After I received my daughter Jasmine’s diagnosis of urea cycle disorder (UCD), the first thing I thought was, “Great, now I know what’s wrong with her and we can fix this.” But I also panicked: “Oh my gosh… I have a kid with a medical condition.”
People might tell you it’s great to have a diagnosis, but then they go on with their lives and what do you do? Yes, I have a “diagnosis,” but now what? What’s going to happen? What am I going to do? How will this affect our lives?
How do I tell my family and friends? How do I explain her condition?
The doctors explained it over and over and we thought we understood what was happening. We thought we understood her condition. What I didn’t realize was that I wasn’t ready to answer questions.
I called my mom and tried to explain. I tried my best to make it simple and help her understand. “She can’t process protein. There’s a process that your body goes through called the urea cycle. At the top of her cycle, her cycle stops working. Ammonia builds up in her system and she can’t flush it out.”
I must have tried to explain this to every one of my relatives, and yet each time I felt as lost as they were. The truth is, I wanted to crawl in a corner and stare off into space. I didn’t know what to tell anyone anymore, so I stopped talking to anyone I didn’t have to. I went into survival mode and shut the world out. It felt like none of my friends and family could possibly understand how I was feeling.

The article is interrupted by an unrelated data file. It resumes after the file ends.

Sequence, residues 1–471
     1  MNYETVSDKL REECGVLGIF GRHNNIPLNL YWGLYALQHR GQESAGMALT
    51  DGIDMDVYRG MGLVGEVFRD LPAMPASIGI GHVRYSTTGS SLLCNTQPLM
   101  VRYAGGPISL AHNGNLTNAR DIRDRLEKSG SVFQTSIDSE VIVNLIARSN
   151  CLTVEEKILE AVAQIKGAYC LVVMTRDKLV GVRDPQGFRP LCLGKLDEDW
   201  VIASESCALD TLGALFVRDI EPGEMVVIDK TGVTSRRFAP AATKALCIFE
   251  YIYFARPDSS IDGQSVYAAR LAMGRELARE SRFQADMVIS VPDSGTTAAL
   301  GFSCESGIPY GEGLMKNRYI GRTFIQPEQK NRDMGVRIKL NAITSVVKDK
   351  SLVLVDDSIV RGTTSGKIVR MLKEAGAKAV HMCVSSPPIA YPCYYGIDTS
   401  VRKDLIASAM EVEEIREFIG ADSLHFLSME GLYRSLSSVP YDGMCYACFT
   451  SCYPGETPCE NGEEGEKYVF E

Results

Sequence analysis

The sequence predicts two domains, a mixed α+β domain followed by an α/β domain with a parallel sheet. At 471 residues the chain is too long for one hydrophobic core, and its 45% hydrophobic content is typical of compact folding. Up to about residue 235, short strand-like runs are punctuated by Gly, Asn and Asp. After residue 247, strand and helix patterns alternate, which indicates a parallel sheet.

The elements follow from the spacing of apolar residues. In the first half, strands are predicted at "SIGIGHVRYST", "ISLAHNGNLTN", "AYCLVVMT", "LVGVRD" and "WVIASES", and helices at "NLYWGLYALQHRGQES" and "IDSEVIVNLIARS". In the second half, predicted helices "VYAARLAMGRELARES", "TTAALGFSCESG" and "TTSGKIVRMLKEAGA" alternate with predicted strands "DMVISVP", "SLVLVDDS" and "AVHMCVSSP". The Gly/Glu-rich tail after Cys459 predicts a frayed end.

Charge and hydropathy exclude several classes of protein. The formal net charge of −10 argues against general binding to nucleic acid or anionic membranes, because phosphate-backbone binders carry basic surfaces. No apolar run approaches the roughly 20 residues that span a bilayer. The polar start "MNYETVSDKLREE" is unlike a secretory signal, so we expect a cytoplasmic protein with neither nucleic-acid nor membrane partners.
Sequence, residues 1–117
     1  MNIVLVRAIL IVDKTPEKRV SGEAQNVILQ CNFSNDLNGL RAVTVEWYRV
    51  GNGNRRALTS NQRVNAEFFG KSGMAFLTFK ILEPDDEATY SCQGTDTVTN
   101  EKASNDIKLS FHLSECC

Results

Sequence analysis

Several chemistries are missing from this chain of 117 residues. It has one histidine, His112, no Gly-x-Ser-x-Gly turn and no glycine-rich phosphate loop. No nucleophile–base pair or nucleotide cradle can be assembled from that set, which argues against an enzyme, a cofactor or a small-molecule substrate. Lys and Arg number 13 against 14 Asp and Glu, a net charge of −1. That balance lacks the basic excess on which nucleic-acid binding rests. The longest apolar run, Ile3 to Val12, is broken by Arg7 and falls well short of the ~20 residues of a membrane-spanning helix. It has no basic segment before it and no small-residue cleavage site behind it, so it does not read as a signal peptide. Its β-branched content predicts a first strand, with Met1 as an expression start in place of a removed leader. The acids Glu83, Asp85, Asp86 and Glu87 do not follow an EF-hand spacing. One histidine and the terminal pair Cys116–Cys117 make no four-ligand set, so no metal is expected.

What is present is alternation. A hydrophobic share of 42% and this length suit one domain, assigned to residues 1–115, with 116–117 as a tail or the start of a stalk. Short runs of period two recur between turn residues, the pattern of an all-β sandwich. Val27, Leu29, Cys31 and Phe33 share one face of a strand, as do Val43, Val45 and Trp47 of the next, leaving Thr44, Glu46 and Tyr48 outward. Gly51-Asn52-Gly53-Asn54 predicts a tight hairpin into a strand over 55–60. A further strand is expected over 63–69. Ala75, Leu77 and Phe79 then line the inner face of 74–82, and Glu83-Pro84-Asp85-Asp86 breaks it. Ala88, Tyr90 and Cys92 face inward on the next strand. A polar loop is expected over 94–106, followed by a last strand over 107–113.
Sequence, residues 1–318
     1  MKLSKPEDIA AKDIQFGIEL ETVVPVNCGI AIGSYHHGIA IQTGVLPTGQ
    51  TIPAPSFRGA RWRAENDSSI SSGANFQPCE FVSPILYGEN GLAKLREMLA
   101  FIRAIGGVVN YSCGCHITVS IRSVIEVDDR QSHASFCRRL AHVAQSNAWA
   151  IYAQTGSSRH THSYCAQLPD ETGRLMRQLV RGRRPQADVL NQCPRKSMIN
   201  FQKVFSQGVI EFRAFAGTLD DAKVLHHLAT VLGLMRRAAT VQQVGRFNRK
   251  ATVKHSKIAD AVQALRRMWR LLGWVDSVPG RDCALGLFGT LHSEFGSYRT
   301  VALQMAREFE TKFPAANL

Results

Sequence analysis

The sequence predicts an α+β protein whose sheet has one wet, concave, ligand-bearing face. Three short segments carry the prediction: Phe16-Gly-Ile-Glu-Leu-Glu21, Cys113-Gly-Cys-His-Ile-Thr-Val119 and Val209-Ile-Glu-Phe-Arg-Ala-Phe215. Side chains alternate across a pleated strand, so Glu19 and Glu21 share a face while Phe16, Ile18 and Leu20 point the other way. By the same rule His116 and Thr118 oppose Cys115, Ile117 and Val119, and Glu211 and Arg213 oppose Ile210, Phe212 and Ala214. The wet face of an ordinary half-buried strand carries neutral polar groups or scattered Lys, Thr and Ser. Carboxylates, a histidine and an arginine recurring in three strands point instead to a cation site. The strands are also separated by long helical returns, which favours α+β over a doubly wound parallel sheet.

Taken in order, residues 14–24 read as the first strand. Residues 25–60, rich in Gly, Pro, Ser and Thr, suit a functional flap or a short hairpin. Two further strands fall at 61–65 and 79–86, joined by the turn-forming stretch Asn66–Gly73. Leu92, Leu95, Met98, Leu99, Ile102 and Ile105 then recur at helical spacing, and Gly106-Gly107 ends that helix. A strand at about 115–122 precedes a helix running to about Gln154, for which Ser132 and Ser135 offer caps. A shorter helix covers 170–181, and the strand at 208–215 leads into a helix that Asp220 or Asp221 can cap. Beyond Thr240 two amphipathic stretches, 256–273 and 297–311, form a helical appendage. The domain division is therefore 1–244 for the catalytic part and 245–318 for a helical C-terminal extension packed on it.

We brought Jasmine home from the hospital after just 24 hours in complete shock.
The doctor suggested we find groups for her condition. We found the National Urea Cycle Disorder Foundation, the NUCDF Facebook page and my favorite so far, the Urea Cycle Disorders Worldwide Facebook page. Reading about others who have what Jasmine has and hearing they’re alive and healthy and living with their condition was so helpful. The community for urea cycle disorders has been a life-saver.
After receiving Jasmine’s diagnosis, it has taken months for me to fully understand her condition, and I’m still learning. It has taken months for me to tell people what’s happened to our family.
People might think the world is a better place once you receive a diagnosis, like the clouds open up and the sun shines through. But in our world, a diagnosis is the beginning of a long journey. It’s a lifelong road of working to stay healthy.
Jasmine’s condition is now a big part of her life. She won’t “grow out” of it or she “recover” from it (unless she needs and receives a transplant). She will carry this with her all the days of her life.
To any other parents out there who just received a diagnosis for their children and aren’t sure what to do next, this is what I suggest: Surround yourself with good, supportive family and friends and soldier on. Find groups of people who truly understand your child’s diagnosis and lean on them for support. Understand as much as you can about your child’s condition so you can be the best caregiver and know you’re doing everything you can. Focus on one day at a time, and each evening, you’ll know you’ve accomplished something. It may be small but it’s something.
We hear all the time, “I don’t know how you do it.” We do it because we have to. There’s no choice when your child needs you; you figure it out.